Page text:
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Identity Economics:
How Our Identities Shape Our Work, Wages, and Well-Being
George A. Akerlof & Rachel E. Kranton

Cloth | February 2010 | $24.95 / £16.95
200 pp. | 6 x 9 | 2 halftones.

Shopping Cart | Endorsements | Book Description

*G. A. Akerlof & **R. E. Kranton

A Q&A with George A. Akerlof & Rachel E. Kranton

What is identity economics and why does it matter?

The initiation ceremony at West Point; the riots in a New York State high school after judicially mandated busing; the Supreme Court case of a woman denied promotion at Price Waterhouse because of her masculine demeanor: In Identity Economics we use these and many other examples to demonstrate a basic principle. Who we are--our identity--goes hand in hand with our ideas of how we, and others, should behave.

Identity Economics introduces an easy, natural way to incorporate this principle into economic thinking. Identity economics matters because identity and norms influence the many large and small decisions we make every day—decisions that profoundly affect our work, wages, and well-being. This new economics builds a sturdier account of the economy and institutions. We understand how successful firms like Goldman Sachs operate; why U.S. education is ineffective; and why minority poverty is so persistent.

How should Identity Economics change the way economists view human behavior?

Let’s consider an example: Work incentives. Economists have built a theory of work incentives, which has been applied widely in the U.S. financial industry. The theory is that a company achieves high worker performance by finding the right mix of wages and bonuses. But he who rides the tiger’s back usually ends up inside: Overreliance on monetary incentives is dangerous, because workers who care only about their compensation will game the system. They will do what it takes to get the bonus, whether or not it is good for the firm.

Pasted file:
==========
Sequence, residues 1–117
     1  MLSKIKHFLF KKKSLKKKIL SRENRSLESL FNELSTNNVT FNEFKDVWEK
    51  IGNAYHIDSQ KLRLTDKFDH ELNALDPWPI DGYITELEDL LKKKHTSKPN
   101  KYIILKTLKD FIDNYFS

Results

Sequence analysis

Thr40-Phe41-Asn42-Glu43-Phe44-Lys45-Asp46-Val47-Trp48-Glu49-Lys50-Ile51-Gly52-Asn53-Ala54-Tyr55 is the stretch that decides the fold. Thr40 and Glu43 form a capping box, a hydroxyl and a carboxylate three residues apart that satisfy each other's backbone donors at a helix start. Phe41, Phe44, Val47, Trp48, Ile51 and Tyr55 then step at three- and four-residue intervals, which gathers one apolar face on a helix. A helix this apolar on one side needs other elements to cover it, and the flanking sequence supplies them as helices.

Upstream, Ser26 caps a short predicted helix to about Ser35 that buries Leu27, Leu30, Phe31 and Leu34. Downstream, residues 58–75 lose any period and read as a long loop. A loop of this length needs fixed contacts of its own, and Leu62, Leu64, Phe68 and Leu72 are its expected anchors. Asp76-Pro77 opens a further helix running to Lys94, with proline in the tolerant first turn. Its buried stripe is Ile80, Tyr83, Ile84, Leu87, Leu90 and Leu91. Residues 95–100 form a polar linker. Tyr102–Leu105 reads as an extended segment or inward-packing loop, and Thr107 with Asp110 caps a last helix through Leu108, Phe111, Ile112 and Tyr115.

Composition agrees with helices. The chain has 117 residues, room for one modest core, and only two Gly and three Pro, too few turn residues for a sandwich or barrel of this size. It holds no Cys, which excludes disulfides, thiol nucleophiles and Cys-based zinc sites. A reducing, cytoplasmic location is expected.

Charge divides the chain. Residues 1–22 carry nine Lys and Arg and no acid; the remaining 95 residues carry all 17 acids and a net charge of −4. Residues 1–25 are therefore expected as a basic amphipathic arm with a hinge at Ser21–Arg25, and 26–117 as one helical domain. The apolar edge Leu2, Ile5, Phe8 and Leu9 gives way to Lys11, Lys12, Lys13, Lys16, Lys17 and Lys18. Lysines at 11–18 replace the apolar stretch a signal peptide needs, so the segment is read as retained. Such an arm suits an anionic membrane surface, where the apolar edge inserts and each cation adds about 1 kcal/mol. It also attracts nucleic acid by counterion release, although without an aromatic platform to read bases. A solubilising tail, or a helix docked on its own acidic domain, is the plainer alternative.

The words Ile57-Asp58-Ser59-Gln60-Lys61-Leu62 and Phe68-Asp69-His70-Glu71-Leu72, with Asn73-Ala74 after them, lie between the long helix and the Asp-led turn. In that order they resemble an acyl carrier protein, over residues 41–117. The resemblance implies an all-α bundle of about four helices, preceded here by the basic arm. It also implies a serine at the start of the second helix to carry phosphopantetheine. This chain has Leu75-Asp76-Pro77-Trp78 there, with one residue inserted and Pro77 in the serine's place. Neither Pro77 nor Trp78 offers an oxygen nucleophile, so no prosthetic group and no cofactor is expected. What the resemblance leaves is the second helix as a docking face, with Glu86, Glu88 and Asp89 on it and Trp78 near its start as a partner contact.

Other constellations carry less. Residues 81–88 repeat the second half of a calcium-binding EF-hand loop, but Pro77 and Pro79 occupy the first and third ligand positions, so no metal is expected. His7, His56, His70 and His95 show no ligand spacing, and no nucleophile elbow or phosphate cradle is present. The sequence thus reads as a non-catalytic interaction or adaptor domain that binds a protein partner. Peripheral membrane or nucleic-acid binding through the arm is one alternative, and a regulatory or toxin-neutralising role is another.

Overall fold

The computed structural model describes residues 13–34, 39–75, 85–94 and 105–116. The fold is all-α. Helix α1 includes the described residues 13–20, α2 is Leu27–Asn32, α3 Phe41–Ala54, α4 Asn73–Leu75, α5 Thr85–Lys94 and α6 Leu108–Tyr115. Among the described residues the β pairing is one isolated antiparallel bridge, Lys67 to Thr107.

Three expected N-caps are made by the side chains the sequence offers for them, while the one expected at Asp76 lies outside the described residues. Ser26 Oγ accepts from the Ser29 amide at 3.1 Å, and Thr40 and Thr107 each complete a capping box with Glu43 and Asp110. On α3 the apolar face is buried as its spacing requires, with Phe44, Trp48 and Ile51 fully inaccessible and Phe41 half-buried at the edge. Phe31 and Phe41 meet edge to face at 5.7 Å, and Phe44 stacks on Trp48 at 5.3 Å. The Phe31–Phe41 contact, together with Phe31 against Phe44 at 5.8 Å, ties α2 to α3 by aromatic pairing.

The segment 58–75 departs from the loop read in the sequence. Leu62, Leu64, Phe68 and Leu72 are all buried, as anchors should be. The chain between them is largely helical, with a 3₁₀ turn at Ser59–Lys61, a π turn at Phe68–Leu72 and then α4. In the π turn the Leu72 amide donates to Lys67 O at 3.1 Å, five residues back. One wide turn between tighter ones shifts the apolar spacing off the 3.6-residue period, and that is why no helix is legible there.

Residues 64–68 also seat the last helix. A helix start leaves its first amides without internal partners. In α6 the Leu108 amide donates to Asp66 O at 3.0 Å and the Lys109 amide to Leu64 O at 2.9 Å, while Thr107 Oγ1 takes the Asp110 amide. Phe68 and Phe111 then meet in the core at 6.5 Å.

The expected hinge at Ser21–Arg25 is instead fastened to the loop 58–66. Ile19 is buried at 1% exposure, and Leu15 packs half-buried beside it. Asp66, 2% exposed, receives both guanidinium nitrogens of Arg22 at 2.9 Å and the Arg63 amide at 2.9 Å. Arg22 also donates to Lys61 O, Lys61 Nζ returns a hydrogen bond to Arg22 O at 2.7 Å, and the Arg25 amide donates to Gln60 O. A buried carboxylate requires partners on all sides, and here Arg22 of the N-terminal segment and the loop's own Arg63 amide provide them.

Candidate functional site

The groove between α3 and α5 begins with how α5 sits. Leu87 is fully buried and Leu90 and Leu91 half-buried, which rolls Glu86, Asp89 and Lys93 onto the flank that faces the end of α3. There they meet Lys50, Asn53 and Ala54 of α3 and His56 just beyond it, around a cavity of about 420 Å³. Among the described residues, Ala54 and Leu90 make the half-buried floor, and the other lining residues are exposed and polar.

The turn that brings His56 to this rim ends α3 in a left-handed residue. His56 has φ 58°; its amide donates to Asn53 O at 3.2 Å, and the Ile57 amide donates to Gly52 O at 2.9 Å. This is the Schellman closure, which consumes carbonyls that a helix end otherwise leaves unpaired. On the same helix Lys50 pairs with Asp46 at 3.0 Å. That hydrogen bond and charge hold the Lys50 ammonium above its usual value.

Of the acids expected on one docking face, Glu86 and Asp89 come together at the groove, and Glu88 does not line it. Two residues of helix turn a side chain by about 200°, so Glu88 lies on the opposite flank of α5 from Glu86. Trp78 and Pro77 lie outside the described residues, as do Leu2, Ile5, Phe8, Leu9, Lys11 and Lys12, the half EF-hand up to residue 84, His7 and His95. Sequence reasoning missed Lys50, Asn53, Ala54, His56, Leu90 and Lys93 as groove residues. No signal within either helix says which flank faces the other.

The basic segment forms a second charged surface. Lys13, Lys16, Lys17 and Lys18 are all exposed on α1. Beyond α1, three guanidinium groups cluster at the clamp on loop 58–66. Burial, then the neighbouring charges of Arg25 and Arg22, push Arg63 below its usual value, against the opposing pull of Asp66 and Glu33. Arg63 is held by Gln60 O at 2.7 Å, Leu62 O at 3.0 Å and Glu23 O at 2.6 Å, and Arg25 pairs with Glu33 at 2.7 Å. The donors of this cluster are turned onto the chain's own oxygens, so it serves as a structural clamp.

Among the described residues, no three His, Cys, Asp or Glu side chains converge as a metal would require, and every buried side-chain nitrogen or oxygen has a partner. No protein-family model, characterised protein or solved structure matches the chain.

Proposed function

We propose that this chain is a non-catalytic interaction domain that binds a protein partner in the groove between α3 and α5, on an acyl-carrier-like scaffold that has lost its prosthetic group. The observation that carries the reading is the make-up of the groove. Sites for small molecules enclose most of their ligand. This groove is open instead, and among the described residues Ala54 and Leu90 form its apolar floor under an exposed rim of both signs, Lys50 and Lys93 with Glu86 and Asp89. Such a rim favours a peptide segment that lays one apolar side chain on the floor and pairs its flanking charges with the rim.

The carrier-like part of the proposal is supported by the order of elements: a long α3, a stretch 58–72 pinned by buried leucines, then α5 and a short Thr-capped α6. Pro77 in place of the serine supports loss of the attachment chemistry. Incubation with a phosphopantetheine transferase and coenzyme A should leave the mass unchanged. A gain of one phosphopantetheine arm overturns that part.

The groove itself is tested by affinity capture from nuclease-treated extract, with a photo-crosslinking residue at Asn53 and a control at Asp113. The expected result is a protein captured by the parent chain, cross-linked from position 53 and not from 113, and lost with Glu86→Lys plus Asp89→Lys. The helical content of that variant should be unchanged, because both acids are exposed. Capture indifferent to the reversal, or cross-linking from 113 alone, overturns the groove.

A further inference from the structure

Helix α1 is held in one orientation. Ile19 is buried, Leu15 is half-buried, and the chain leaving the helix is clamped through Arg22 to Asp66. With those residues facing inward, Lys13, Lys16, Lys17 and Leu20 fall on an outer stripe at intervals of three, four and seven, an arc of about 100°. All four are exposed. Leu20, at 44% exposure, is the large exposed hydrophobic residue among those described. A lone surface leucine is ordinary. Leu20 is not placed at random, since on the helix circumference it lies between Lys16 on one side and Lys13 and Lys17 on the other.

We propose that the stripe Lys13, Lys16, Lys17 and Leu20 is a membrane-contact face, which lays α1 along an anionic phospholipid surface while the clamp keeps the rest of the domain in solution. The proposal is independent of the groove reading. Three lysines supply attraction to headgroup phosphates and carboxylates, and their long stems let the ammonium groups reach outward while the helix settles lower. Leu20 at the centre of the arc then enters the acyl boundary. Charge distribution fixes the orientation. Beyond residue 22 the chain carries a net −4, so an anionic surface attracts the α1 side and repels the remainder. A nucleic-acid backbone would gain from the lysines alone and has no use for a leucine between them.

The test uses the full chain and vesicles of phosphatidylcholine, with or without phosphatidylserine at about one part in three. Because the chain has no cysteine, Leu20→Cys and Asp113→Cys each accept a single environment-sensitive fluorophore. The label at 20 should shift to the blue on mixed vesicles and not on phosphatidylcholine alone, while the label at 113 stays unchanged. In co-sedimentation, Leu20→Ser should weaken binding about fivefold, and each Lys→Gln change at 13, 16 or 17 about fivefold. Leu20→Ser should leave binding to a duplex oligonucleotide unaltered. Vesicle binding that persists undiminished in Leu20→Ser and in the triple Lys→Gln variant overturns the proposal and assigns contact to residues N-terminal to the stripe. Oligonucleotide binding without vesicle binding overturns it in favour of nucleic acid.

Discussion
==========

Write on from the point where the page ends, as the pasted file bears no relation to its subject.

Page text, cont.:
Identity economics suggests a different key to work incentives: If employees identify with the firm, they will advance its goals even in the absence of monetary incentives. We see this in many companies and in the military, where what matters is people’s belief in their firm’s mission and goals and the camaraderie in their work groups. Identity economics gives a new focus to work incentives—on workers’ identities, and norms, and on the social situation.

What is new about identity economics, and how does it fit into the larger field of economics?

Economists today consider a wide variety of reasons for economic decisions. We no longer explain economic behavior simply as coming from fully informed rational decisions about consumption and income. Economics is evolving and getting closer to understanding real people making decisions in real time. Information economics studies who knows what and when. Behavioral economics studies how psychological factors affect decision making.

Identity economics is the next step in this evolution. It emphasizes the social context. It brings day-to-day life into economics. It examines who people are, whom they are interacting with, and in what situation. Identity economics gives economists a new understanding of why people behave as they do. Economics pervades how policymakers, the public, and the press talk and think. The new perspective provided by identity economics should lead to a richer economics, and a more useful economics, for improving institutions and society.

(Photo credits: *University of California, Berkeley & **Duke University Photography)

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File created: 10/23/09

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